What did he really mean? Carpenter on Tolkien on Drama

I’ve borrowed my title from Verlyn Flieger’s essay, “But What Did He Really Mean?” published in Tolkien Studies in 2014. Professor Flieger points out ambivalent statements made by Tolkien at different times about religion, Elves or Faeries, and Faërian Drama. I’ll be looking closely at what she says about Faërian Drama at a later date, but for now I’m thinking about how she demonstrates that readers sometimes stake a claim for one position in their interpretations without considering contrary evidence.

For example, I’ve been rereading Humphrey Carpenter’s biography, in which he declares several times that Tolkien disliked drama. Carpenter notes that in 1912, Tolkien wrote and acted in a play composed for his relatives’ Christmas entertainment, but then adds, “Later in life he professed to despise drama” (67).  However, when the biography arrives at Tolkien’s later life, Carpenter recounts the Tolkien children’s memories, including “Visits to the theatre, which their father always seemed to enjoy, although he declared he did not approve of Drama” (162). (Did he declare this to his children or to other adults or in his writings?).

More examples: when describing Tolkien’s public performances reciting Chaucer in 1938 and 1939, Carpenter states, “He was not enthusiastic about drama as an art-form, considering it to be tiresomely anthropocentric and therefore restricting” (218).  Carpenter somewhat downgrades Tolkien’s one published play (which appeared in 1953), “The Homecoming of Beorhtnoth Beorhthelm’s Son,” as a “radio play” (217) and a “dramatic recitation of verse” (218) rather than according it the status of a fully developed, albeit brief, drama. Yet if we look closely at these events cited by Carpenter, spanning several decades, Tolkien actually seems to be enjoying the dramatic art form – composing, acting, reciting, watching — in spite of Carpenter’s negative assessments. So where is the evidence that Tolkien disliked or despised drama?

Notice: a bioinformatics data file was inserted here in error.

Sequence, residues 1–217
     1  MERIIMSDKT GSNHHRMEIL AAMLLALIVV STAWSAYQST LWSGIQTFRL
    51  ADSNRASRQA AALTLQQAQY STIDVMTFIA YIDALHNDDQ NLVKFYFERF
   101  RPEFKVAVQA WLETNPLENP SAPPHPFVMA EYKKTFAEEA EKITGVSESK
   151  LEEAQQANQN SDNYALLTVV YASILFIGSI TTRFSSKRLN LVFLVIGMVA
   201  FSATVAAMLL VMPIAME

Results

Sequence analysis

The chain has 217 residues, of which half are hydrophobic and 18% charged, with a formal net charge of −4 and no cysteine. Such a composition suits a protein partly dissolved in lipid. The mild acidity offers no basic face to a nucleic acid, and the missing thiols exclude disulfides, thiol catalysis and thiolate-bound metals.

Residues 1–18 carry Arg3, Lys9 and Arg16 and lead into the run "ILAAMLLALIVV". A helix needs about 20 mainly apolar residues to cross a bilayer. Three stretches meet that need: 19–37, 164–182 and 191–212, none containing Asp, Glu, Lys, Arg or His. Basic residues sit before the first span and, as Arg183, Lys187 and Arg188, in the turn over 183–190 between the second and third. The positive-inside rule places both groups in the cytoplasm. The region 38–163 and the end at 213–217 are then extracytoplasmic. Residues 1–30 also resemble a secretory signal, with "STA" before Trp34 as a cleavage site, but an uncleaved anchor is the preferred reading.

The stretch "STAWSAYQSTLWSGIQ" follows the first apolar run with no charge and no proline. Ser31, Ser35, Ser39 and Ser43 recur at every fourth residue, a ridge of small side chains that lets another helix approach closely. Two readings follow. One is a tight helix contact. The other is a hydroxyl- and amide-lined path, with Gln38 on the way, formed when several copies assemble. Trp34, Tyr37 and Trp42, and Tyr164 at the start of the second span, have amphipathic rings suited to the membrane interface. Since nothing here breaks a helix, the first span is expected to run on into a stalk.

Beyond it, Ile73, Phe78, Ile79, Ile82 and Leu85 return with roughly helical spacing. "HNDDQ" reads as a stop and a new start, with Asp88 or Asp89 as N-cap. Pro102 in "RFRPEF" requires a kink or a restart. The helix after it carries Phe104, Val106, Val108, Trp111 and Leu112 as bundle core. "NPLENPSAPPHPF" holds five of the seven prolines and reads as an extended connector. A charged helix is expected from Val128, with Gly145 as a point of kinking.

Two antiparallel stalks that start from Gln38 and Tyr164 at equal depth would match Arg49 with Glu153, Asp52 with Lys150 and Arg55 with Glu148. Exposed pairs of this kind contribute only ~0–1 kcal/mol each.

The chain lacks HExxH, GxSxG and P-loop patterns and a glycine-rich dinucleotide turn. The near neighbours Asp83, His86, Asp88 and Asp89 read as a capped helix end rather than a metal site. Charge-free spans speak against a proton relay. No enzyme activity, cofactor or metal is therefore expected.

Peter Pan with Pauline Chase. V&A Collection
Pauline Chase as Peter Pan. When he was 18 years old in 1910, Tolkien saw J.M. Barrie’s Peter Pan and wrote in his diary: “Indescribable but shall never forget it as long as I live.” (Carpenter 55). For more on Barrie’s influence on Tolkien’s early work, see Dimitra Fimi in Works Cited, below.

The best evidence for Carpenter’s views is in the allusion to drama being “anthropocentric,” a term used in Appendix F in “On Fairy-Stories.”  Here is the text:

Drama can be made out of the impact upon human characters of some event of Fantasy, or Faërie, that requires no machinery, or that can be assumed or reported to have happened. But that is not fantasy in dramatic result; the human characters hold the stage and upon them attention is concentrated. Drama of this sort (exemplified by some of Barrie’s plays) can be used frivolously, or it can be used for satire, or for conveying such ‘messages’ as the playwright may have in his mind – for men. Drama is anthropocentric.  Fairy-story and Fantasy need not be.” 

(OFS 82)